What is a Motivating Operation?

Updated: Oct 2, 2017


Motivating Operations (MO)

Some days we just really want a piece of cake, and would do anything to get a slice, while other days we could care less about having a sweet treat. Similarly, some days we may want to talk to everyone we see, while other days we just want to stay home and avoid the outside world. In our daily lives, our desire to access certain items and experience certain types of interactions varies depending on a variety of factors. For example, a sandwich is more desirable when we are hungry, and getting gas for the car is more desirable when the tank is empty. The term "motivating operation" describes this phenomenon. An outcome (e.g. getting food/gas/etc.) becomes more or less effective as a reinforcer depending on the circumstances. As a result, our rates of behavior (finding cake or getting gasoline) increase and decrease accordingly.


There are two types of motivating operations: Establishing Operations and Abolishing Operations. It is worth noting that MO and EO are sometimes used interchangeably, which might be okay in a casual conversation with another behaviorist, but will definitely get points marked off in class or on the BCBA certification test.


Establishing Operations (eo)

An establishing operation is a term used to describe when circumstances increase the effectiveness of a reinforcer. For example the gas light turning on in my car is an EO for getting gas. Gasoline's value as a reinforcer increases, which increases the behavior of getting gas.


Abolishing Operations (AO)

An abolishing operation is a term used to describe when circumstances decrease the effectiveness of a reinforcer, thereby decreasing the associated behavior. Eating a large meal would likely be an AO for the behavior of ordering food. Food's value as a reinforcer is decreased resulting in a decrease in behavior.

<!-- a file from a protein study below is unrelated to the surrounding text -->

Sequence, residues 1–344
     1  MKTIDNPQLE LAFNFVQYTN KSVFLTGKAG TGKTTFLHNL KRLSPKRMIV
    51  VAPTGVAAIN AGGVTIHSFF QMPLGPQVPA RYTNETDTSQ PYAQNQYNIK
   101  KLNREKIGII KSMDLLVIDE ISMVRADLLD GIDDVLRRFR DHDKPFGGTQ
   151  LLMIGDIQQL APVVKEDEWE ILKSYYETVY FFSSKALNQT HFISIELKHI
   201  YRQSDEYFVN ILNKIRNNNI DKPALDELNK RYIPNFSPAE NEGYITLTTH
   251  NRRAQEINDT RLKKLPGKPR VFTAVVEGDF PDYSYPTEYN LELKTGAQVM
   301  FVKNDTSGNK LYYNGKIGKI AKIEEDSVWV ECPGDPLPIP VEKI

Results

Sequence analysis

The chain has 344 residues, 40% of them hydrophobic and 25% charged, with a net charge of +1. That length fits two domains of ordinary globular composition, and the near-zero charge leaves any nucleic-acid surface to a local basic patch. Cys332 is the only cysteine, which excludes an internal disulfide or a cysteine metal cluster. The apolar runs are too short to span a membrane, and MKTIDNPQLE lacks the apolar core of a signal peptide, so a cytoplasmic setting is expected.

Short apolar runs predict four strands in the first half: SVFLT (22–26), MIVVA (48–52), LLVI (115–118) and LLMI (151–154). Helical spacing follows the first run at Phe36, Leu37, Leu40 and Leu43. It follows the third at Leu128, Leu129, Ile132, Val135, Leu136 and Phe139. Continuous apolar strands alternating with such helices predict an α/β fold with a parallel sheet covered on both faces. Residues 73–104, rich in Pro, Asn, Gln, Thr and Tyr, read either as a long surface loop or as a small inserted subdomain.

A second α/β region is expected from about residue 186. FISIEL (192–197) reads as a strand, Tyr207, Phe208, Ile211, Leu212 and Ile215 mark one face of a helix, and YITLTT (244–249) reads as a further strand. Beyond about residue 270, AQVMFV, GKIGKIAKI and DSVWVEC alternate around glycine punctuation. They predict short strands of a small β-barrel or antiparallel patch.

Example #1:

My gas light turns on while I am driving in the middle of the desert. I am almost out of gas, so I quickly scan the horizon for a gas station, pull off, and get gas.


In this example, the reinforcer is gas. The effectiveness of the reinforcer (gas) was greatly increased (EO) once I knew that my gas tank was running low. Gas would not have been a very good reinforcer if I had a full tank.


Example #2:

I had several meetings this morning and did not have time for breakfast. It is now almost noon, and I still haven't eaten anything today. I leave my meeting, and as I am walking down the street I happen to pass my favorite restaurant. I immediately go into the restaurant and order a large meal.


In this example, the reinforcer is food. The effective of food as a reinforcer is increased because I have not eaten all day and am very hungry.


Some of our favorite examples around the web:

EO: Steven's favorite snack is Skittles. His teacher recognizes this and will sometimes motivate Steven by giving him a Skittle after following a direction. There is an assembly at the end of the day and Steven's teacher needs for him to sit down for the entire event and she plans on rewarding Steven with a Skittle if he does. In order to increase the effectiveness of Skittles, Steven's teacher does not give him the candy all day leading up to the assembly (deprivation state). As a result, Steven is more likely to sit for the entire assembly in order to receive a Skittle because he has been deprived of them all day, hence increasing their effectiveness.
AO: Using the same example, if Steven's teacher were to be constantly rewarding him throughout the day with Skittles they may soon lose their affect as reinforcement (satiation state). Therefore, during the assembly Steven is not as likely to sit the entire time in order to receive the candy because he has had access to them all day. This satiation on Skittles has decreased their effectiveness.

Link: http://abaappliedbehavioranalysis.weebly.com/motivating-operations.html

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